2. Optimize Windshield Coverage

For best visibility, it’s important to maximize the windshield area the wipers will cover. When wipers are initially specified, engineers consider a number of factors:

  • The breakaway curve, or the place where the curve of windshield glass becomes too great to wipe.
  • The daylight opening (DLO), which is the total area of the windshield glass that you can see through from the inside edges of the molding.
  • Whether to use a pantograph (where the wiper blade stays parallel to the side of the glass) or radial (arced sweep pattern) type. A radial wipe pattern is best when your glass is wider than it is tall, which is the most common. A pantograph pattern works better on tall, narrow glass.

Ideally, the wiper length and sweep pattern covers as much of the daylight opening as possible when factoring in the curvature of the glass and the amount of breakaway curve you are dealing with. If the standard wipers on your trucks are not providing good coverage, you should consider retrofitting with systems that increase it.

3. Specify The Right Blades

Wiper blades come in a wide range of styles and compounds. Just like tires, which come in different compounds, the softer the compound, the faster the wear. You need to balance the need for a good “clean” with softer compounds with the longer life of a harder compound. If you operate in colder parts of the country, consider using different blades during the winter which are better able to handle snow, sleet, and ice. At the end of winter, consider replacing with blades more suited to rain-only events.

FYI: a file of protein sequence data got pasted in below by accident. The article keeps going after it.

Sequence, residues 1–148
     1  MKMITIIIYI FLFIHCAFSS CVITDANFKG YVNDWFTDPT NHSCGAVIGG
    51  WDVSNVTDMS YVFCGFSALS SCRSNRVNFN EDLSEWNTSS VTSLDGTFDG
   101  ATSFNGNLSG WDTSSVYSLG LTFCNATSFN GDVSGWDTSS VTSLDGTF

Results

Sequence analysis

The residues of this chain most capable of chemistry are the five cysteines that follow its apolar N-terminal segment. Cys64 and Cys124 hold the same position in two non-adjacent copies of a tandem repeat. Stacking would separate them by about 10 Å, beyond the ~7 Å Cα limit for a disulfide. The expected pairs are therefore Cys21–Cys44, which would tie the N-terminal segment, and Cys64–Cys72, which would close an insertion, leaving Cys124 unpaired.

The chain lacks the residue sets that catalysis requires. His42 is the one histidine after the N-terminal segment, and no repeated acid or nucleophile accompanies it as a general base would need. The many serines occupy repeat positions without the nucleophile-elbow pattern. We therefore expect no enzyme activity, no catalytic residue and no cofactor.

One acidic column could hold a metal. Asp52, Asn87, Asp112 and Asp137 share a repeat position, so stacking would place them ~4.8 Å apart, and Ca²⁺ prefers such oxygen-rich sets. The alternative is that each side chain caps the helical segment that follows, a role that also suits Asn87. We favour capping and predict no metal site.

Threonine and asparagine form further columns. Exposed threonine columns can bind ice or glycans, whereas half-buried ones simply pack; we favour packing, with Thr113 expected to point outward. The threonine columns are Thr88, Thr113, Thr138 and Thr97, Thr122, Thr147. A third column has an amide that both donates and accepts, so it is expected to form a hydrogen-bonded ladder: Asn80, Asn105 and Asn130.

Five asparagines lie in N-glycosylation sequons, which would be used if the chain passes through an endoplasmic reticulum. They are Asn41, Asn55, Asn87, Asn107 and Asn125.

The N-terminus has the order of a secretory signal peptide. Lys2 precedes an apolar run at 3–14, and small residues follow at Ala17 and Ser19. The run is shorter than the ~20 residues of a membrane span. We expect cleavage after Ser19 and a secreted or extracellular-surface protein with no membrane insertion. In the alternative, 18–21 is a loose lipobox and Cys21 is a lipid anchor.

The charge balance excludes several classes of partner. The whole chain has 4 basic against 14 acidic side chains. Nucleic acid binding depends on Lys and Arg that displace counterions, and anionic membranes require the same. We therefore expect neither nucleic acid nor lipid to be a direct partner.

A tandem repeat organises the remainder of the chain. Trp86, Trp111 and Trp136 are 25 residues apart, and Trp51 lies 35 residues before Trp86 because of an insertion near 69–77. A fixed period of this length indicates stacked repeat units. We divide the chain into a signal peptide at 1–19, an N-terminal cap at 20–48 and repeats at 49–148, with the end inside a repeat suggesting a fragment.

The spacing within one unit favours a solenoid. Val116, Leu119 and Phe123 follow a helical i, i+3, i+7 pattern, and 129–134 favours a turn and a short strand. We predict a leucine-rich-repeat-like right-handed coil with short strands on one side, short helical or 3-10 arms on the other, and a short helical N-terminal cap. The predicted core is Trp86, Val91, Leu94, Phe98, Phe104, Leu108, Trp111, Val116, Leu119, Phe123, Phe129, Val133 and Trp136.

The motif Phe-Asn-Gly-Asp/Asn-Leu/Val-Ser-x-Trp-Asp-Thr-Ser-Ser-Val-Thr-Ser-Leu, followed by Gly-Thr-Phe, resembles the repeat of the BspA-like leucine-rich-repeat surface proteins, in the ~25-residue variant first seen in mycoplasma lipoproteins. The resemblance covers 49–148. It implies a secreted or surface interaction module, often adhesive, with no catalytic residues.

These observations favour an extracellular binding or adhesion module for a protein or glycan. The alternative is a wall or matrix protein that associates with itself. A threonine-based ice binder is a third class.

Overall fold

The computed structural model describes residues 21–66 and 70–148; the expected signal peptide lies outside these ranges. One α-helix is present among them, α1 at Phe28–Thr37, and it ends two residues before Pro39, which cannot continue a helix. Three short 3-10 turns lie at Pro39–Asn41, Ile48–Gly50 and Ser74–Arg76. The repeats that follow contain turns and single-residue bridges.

4. Make Sure You Have Adequate Circuit Protection

Wiper motors will draw more power under load when driving in heavy snow or windy conditions. To avoid premature circuit breaks, use the right breakers. 12 V DC motors draw about 5 amperes during normal use. We recommend you use a 10 amp circuit breaker for one 12 V DC motor, or a 15 amp circuit breaker for a two-motor system. For 24 V DC motors, use a 5 amp breaker for one motor and a 7 amp breaker for two.

5. Specify Motors Which Suit The Application

Wiper motors are rated by stall torque. This is usually expressed in Newton-meters (Nm). It’s important you have motors that have the torque to handle the type of wiper application. Here’s our recommendations:

  • A 38 Nm motor is recommended for arm and blade combinations of 28” (710 mm) and longer and for multiple arms and blades driven by one motor.
  • A 30 Nm motor is suitable for arms and blades in the 20” to 28” (500 mm to 710 mm) range.
  • A 12 Nm motor is appropriate for arms and blades in the 16” to 20” (400 mm to 500 mm) range.
  • An 8 Nm motor works well for small arm and blade combinations of 16” (400 mm) and under.

Note that motors of 20 Nm or less often have an internal linkage to make the necessary oscillating motion.

Good maintenance and specification of wiper systems serve the dual purpose of reducing accident risk and keeping drivers happy. Both of these go straight to your company’s bottom line. Which should make it a high priority in your operation.


 
Zimmer1